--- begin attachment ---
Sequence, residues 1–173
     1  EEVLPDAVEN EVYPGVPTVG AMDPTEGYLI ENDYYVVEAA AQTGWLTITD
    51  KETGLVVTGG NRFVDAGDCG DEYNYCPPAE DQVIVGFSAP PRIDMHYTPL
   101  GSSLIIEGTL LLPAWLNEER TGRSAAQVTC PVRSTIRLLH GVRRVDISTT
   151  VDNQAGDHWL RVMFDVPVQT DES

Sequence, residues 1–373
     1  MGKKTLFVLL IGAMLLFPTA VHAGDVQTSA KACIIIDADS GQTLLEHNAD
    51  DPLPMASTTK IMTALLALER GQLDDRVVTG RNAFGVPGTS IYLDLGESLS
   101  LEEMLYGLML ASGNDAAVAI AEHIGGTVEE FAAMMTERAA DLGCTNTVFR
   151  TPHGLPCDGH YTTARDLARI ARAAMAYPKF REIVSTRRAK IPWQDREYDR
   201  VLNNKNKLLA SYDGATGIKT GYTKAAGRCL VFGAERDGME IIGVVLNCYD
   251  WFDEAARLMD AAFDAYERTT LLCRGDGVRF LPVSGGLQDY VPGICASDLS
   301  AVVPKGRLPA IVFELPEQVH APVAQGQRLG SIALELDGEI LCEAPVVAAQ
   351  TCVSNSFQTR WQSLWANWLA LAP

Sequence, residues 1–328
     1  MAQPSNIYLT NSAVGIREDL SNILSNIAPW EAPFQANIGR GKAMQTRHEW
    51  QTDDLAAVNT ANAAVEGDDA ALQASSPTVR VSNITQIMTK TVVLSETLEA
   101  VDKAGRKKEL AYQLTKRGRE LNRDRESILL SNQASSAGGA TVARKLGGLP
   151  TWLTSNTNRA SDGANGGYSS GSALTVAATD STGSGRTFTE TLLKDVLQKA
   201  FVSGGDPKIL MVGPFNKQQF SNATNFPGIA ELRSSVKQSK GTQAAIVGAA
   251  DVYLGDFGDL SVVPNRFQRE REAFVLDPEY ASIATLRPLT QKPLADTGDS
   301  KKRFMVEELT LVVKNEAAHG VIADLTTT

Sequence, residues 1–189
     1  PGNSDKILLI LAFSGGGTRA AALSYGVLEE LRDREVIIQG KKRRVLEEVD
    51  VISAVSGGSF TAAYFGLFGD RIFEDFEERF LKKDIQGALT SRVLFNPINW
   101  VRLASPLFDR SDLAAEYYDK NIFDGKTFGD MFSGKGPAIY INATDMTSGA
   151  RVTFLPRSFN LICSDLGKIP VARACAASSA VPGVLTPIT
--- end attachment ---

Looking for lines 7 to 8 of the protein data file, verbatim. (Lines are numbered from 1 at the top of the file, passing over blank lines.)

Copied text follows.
     1  MGKKTLFVLL IGAMLLFPTA VHAGDVQTSA KACIIIDADS GQTLLEHNAD
    51  DPLPMASTTK IMTALLALER GQLDDRVVTG RNAFGVPGTS IYLDLGESLS